Elsewhere Door by Laura Grace Weldon

My sister and I run
through thigh-scratch grasses
in the field behind our house
wherever make-believe leads us.

In this realm of hum, buzz, scurry
waits scattered trash,
treasure for pirates and princesses.
Rotting boards against a tree
our spy’s lookout. Battered
paint cans our seats.

Until we find a dusty rectangle
where no thrumming green
grows. Stop playing. Wonder.
She squats in blue shorts,
brushes dirt away to discover
the space is a door,
flat against the ground,
rusty doorknob facing up,
as if a sky hand
might reach down and twist it.

What waits behind
an unopened door, one
left from time so ancient
we didn’t exist?
Steps leading down
to another world,
I guess. No,
she says, just junk.
Though I back away,
beg her not to,
she strains, lifting an edge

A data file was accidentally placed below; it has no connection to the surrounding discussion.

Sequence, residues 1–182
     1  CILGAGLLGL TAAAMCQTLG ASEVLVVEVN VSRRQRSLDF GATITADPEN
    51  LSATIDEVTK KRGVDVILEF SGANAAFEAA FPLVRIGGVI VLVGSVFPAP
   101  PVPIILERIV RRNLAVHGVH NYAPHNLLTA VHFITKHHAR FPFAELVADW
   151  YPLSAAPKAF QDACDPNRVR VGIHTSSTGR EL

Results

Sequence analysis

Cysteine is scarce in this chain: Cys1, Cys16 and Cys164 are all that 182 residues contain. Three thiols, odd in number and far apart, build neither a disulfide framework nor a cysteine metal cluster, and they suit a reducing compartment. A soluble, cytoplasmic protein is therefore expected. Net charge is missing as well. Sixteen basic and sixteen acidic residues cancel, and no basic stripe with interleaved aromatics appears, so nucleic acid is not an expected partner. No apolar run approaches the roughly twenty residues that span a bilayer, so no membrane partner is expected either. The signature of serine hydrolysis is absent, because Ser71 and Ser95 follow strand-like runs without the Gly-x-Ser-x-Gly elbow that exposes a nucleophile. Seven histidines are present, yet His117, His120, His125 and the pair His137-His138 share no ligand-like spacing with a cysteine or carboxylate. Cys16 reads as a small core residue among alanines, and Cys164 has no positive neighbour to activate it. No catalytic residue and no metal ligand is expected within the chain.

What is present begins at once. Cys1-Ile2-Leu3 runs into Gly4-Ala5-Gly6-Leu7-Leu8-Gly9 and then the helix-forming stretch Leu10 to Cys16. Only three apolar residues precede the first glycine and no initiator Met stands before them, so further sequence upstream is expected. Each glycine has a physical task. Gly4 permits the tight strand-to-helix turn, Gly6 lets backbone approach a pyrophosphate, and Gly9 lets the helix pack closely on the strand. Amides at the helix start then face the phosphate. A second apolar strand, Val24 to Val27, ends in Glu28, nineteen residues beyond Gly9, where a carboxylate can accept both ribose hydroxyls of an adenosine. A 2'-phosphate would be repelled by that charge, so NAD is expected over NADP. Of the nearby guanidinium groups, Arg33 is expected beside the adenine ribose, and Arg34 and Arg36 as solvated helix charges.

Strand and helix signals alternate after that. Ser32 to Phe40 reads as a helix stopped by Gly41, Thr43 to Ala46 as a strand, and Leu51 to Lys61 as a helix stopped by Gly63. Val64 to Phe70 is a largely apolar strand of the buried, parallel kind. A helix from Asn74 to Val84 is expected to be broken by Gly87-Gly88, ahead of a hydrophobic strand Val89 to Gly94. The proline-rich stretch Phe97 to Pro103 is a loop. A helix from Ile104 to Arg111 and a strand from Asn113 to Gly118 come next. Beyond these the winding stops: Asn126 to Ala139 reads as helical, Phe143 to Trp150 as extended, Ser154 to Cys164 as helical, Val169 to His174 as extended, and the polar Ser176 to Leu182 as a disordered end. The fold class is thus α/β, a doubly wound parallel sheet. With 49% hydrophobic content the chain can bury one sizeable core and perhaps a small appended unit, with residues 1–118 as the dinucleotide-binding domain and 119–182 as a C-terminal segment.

for one whole second.

She sees curled sowbugs,
shiny white roots,
an old door’s imprint on damp soil.

Terrified, I look away. But
a chill grabs my ankles,
squeezes my chest.
I almost fall into
a place so dark
I might never again
hear our mother
call us home for dinner.

 

Laura Grace Weldon is the author of a poetry collection titled Tending and a handbook of alternative education, Free Range Learning. She lives on a small farm where she’d get more done if she didn’t spend so much time reading library books, cooking weird things, and singing to livestock. Her poetry appears in various anthologies as well as J Journal, Literary Mama, Christian Science Monitor, Dressing Room Poetry Journal, Mom Egg Review, Red River Review, Penman Review, Shot Glass Journal, Pudding Magazine, and others. Connect with her at lauragraceweldon.com